How to handle a listing with multiple offers

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We are trying to make this industry a better place, but with all the multiple offer situations going on right now, it’s not good for anyone involved.

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It’s a crazy time out there in this market. Inventory is low and the amount of work to get a deal done is at an all-time high. This leads to a lot of frustration on all sides of the deal. So here’s some food for thought for you so you can come out on top no matter what.

Watch this video and think about three main points to consider when there are multiple offers on a property.

2 COMMENTS

  1. There’s no rule that says one has to be smart in order to enter into a bidding contest. If one chooses to pay more than one would have paid initially had there been no bidding war, then that person believes—at that point in time—the subject property to be worth to him/her what it costs to acquire said property. Value is always in the eye of the beholder. It’s a little like love at first sight, which is really lust at first sight. Methinks it’s usually first-timers who go overboard, or desperate-for-a-property types who don’t slow down the wheels turning furiously in their heads, the surging blood in their veins, until the deed is done…and the girl is pregnant…I mean…there’s no turning back now, baby! Ya did it; ya own it. Human nature, being what it is, makes the same mistakes over and over. It’s what makes the world go ’round. People learn from their mistakes, but smart people learn from others’ mistakes.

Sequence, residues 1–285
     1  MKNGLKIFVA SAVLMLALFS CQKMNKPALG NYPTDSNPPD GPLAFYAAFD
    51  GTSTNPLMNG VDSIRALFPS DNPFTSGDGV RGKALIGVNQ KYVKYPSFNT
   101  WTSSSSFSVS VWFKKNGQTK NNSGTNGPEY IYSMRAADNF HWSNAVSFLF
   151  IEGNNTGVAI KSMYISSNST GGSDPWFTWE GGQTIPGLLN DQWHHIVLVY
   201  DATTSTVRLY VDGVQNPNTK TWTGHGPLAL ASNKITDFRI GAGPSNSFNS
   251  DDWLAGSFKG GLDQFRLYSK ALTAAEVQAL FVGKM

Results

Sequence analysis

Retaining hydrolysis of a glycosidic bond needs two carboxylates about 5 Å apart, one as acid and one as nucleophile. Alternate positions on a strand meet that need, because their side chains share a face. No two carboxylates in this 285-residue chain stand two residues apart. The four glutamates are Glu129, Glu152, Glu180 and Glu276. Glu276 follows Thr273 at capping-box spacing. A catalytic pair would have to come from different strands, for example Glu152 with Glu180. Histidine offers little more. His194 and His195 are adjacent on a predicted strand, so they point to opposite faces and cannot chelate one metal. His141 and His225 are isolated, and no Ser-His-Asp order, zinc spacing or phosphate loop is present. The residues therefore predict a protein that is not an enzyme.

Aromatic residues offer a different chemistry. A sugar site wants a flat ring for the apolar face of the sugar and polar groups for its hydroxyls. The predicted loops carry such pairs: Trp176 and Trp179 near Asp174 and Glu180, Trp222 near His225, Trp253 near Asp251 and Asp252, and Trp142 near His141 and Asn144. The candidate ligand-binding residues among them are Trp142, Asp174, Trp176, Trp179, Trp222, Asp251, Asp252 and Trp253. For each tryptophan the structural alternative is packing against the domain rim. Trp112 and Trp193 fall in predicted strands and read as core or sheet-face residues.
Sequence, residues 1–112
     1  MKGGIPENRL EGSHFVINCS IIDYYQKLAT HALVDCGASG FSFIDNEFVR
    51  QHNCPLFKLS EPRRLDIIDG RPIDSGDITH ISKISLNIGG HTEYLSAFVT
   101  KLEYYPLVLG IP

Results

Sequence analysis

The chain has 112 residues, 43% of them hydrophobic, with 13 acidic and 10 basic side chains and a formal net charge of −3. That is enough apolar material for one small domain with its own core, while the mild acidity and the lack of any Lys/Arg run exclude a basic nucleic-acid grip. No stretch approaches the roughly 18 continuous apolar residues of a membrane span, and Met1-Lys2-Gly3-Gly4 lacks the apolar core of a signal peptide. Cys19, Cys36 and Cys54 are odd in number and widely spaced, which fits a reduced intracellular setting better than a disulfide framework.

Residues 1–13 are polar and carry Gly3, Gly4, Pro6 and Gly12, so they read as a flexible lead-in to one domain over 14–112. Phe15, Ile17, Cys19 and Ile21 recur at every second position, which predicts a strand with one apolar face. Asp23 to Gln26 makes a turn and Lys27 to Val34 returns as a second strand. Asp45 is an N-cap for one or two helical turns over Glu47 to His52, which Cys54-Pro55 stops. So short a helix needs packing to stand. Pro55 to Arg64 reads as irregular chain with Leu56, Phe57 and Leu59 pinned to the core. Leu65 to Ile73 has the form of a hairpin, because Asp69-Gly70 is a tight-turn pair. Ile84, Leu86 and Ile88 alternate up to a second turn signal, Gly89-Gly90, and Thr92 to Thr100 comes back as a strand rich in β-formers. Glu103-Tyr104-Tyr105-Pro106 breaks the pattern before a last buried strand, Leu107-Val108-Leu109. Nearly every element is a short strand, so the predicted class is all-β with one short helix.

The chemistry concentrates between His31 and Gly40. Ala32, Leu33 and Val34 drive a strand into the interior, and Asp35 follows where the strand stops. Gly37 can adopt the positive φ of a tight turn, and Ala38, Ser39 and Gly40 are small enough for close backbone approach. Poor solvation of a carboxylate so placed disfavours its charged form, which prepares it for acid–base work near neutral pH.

It’s said that God gave man a brain and a penis, but just enough blood to run one at a time. There’s always another property.

  2. The practice of “UN-AUCTIONS” has got to be terminated. How can any agent ( or buyer) arrive at a sensible intelligent offer when they have no idea how much is being bid?.Offer amounts (NOT the identity of the bidder)should be disclosed and the serious buyers can bid like a proper auction -note:bid increases must be with a minimum of $5,000 to prevent “nickel and dime -ing”. Another very serious fault in the present system, a buyer can be emotionally driven to bid a very high price and “wins” Then some how later on they find that the next highest bid was $40,000 less than theirs!(Now don’t tell me this can’t happen!)How is that buyer going to feel? Even toward the Agent? Conversely from the Seller’s standpoint if the buyer had known the highest bid they might have bid higher than they did!One other thing: As an agent HOW do you advise intelligently, how much to bid? It’s a stupid practice and must be changed!

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